Background and Aims/UNASSIGNED:The incidence and mortality of colorectal cancer is persistently highest in Black/African-Americans in the United States. While access to care, barriers to screening, and poverty might explain these findings, there is increased interest in examining biological factors that impact the colonic environment. Our group is examining biologic factors that contribute to disparities in development of adenomas prospectively. In preparation for this and to characterize a potential patient population, we conducted a retrospective review of initial screening colonoscopies in a cohort of patients. Methods/UNASSIGNED:A retrospective review was performed on initial average risk screening colonoscopies on patients (age 45-75 years) during 2012 at three institutions. Descriptive statistics and multivariable logistic regression models were used to examine the relationship between potential risk factors and the detection of adenomas. Results/UNASSIGNED:Of the 2225 initial screening colonoscopies 1495 (67.2%) were performed on Black/African-Americans and 566 (25.4%) on Caucasians. Multivariable logistic regression revealed that older age, male sex, current smoking and teaching gastroenterologists were associated with higher detection of adenomas and these were less prevalent among Black/African-Americas except for age. Neither race, ethnicity, BMI, diabetes mellitus, HIV nor insurance were associated with adenoma detection. Conclusion/UNASSIGNED:In this sample, there was no association between race and adenoma detection. While this may be due to a lower prevalence of risk factors for adenomas in this sample, our findings were confounded by a lower detection rate by consultant gastroenterologists at one institution. The study allowed us to rectify the problem and characterize patients for future trials.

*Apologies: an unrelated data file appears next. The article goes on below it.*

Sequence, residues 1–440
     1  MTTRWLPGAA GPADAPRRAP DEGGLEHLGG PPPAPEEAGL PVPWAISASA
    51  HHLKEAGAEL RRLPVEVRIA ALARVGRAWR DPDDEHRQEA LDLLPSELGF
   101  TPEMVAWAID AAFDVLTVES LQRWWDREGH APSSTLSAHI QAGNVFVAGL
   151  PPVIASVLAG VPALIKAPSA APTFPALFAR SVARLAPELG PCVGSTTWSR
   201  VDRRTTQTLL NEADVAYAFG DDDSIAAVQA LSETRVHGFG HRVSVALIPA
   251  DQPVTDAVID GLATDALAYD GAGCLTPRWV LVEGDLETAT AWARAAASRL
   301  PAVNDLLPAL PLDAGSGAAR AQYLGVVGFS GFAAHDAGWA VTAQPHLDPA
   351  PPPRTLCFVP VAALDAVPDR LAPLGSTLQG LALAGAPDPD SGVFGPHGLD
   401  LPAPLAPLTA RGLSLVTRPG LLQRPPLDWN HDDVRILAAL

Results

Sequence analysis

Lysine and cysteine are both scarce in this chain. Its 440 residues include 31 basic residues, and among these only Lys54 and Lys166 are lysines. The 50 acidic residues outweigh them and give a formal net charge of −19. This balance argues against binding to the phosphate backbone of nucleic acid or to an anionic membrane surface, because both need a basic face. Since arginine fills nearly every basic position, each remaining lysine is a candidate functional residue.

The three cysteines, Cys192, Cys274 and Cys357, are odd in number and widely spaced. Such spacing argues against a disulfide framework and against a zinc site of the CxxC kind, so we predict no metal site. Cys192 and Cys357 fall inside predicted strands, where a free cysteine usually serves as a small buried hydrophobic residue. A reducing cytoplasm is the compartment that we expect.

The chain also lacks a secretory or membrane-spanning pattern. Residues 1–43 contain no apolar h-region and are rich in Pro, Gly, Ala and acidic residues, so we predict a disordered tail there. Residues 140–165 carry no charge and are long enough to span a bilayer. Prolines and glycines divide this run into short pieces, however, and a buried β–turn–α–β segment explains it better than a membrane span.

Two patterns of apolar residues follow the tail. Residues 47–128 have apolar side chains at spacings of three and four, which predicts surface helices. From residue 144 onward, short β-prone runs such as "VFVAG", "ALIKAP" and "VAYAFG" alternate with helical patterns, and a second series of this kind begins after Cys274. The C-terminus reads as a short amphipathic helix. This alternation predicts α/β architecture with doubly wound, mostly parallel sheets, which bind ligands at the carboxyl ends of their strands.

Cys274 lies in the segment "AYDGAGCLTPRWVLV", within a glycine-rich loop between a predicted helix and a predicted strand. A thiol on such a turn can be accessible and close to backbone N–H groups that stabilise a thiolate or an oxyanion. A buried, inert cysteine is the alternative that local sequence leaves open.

Turning Mortality Discussions Into Process Improvements
Improving transitions of care: a resident-driven approach to address delays in patient care during the direct admission process
Background/UNASSIGNED:The direct admission process is a complex system that can be aggravated by inherent gaps in communication leading to inefficient continuity of care and patient safety issues. Bypassing the emergency room, triage is often associated with long periods of unmonitored observation and significant delays in patient assessment. We identified significant communication gaps, delays in placement of admission orders and patient assessment during the direct admission process at our institution. To address this issue, we created and implemented a standardised direct admission flow diagram that consists of a step-by- step direct admission process, which includes a communication device and a triage power plan in the Electronic Medical Record. Methods/UNASSIGNED:We used the Plan-Do-Study-Act (PDSA) model for Quality improvement to address communication gaps in the direct admission process Baseline measurement confirmed two critical gaps in communication: 1) communication to the Medical Admitting Resident (MAR), the central source of communication of all medicine admissions, and 2) delays in placement of orders and assessment of the patient. Results/UNASSIGNED:Two months after implementation of a standardised process that addressed the two major gaps in communication, we found that communication to the MAR increased from 16% (7/42) to 100% (15/15). Additionally, the average time for order placement and assessment of patient decreased from 153 minutes to 53 minutes (n=15). Conclusion/UNASSIGNED:In order to improve the safety of direct admissions, the entire process must be carefully analysed and potential delays in patient assessment should be minimised. A standardised flow diagram that identified and targeted specific communication gaps can minimise delays in patient care.
Not All Charcot's Triad Is Cholangitis [Meeting Abstract]
Black Esophagus: Acute Esophageal Necrosis in Hyperglycemic Hyperosmolar State [Meeting Abstract]